Category Archive for: ‘Flora Lynn Isaacson’
Mark Anderson Phillips (Estragon), James Carpenter (Pozzo) and Mark Bedard (Vladimir) in Waiting for Godot.
Samuel Beckett’s French title, En Attendant Godot, sums up the essence of his 1953 play Waiting for Godot as it is really about what happens while two tramps wait. Beckett’s masterpiece is directed by MTC’s Artistic Director, Jasson Minadakis. Beckett calls his play “a tragi-comedy” in two acts.
The plot of Samuel Beckett’s Waiting for Godot is simple to relate. Two tramps Estragon, (Mark Anderson Phillips) and Vladimir (Mark Bedard) are waiting by the side of the road for the arrival of Godot. They quarrel, make up, contemplate suicide, try to sleep, eat a carrot and gnaw on some chicken bones. Later, two other characters appear, a master, Pozzo (James Carpenter) and his slave, Lucky (Ben Johnson). They pause for a while to converse with Vladimir and Estragon. Lucky entertains them by dancing. After Pozzo and Lucky leave, a young boy (Lucas Meyers) arrives to say that Godot will not come today but he will come tomorrow. However, Godot does not come and the two tramps resume their vigil by the tree, which between the 1st and 2nd act has spring some leaves.
Beckett’s two tramps are costumed by Maggi Whitaker in tight black suits, bowler hats and tight shoes which are reminiscent of Chaplin, Buster Keaton and Laurel and Hardy. The minimalist set by Liliana Duque Pineiro consists of a plain black background with only a bare branched tree, a rock and occasionally a moon.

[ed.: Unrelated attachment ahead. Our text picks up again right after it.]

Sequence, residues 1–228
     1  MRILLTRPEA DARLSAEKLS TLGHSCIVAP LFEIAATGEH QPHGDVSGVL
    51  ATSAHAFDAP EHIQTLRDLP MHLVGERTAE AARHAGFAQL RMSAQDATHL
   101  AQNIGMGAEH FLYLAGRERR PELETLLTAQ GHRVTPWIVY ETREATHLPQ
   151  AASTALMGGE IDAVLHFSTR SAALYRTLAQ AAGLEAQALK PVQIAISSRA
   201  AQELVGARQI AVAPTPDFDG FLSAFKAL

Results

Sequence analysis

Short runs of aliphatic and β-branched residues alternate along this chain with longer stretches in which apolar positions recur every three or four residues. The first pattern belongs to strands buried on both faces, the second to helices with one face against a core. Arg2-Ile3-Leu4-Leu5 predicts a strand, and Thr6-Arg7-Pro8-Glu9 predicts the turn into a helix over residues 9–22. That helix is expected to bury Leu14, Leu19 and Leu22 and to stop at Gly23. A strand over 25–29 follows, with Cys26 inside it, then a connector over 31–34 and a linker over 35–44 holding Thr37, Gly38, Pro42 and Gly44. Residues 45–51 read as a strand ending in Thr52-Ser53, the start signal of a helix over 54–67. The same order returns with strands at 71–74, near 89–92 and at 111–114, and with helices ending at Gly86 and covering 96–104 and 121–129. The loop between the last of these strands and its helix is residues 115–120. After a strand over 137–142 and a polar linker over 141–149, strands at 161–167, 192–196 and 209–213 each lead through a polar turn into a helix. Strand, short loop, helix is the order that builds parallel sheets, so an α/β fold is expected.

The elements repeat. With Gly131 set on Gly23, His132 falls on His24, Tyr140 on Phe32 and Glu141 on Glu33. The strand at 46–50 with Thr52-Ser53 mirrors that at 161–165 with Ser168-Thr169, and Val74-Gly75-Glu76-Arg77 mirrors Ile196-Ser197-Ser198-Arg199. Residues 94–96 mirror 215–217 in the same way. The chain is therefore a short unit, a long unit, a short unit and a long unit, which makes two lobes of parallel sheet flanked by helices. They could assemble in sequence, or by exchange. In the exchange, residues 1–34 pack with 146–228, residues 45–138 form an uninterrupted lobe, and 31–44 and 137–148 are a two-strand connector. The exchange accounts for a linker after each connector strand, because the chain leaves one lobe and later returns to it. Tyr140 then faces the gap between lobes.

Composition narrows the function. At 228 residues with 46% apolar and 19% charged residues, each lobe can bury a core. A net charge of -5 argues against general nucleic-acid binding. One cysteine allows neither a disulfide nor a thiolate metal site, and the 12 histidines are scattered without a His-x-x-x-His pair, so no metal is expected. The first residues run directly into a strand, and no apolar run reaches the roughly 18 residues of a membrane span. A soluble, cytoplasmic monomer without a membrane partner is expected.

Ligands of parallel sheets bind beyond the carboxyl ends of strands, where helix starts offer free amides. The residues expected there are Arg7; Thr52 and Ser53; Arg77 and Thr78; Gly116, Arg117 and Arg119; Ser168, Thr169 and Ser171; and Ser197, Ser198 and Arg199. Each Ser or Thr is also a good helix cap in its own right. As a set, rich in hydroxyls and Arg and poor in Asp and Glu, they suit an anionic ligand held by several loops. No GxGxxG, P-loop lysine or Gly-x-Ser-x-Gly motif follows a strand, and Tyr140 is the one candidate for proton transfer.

Minadakis’ superb direction shows us that life is worth living when you are with someone. His Vladimir and Estragon are tied together because they need each other. They complement one another. Vladimir never sits down while Estragon is constantly sitting.
Minadakis has assembled a talented cast—Oregon Shakespeare Festival Company Member is Vladimir. Mark Anderson Phillips, previously in MTC’s Tiny Alice, is Estragon. Both actors play off each other very well. A standout performance is given by well-known Bay Area actor James Carpenter as Pozzo. Former Ringling Brothers and Cirque du Soleil clown, Ben Johnson makes the most of his role as Pozzo’s servant Lucky. His long speech is strongly reminiscent of James Joyce.
Beckett’s play is universal because it pictures the journey all of us take in our daily lives. Habit is very important as it is the pattern of our daily lives. We are all waiting for something to make our lives better. The act of waiting is never over and it mysteriously starts up again each day.
Waiting for Godot runs at Marin Theatre Company January 24-February 17, 2013. Performances are held Tuesday, Thursday-Saturday at 8 p.m.; Wednesday at 7:30 p.m. and Sunday at 7 p.m. Matinees are held each Sunday at 2 p.m. and a Saturday matinee, Feb. 11 at 2 p.m. and Thursday, February 7 at 1 p.m. All performances are held at 397 Miller Avenue, Mill Valley. For tickets, call the box office, 415-388-5208 or go to www.marintheatre.org.
Coming up next at MTC will be the Bay Area Premiere of The Whipping Man by Matthew Lopez and directed by Jasson Minadakis, March 28-April 21, 2013.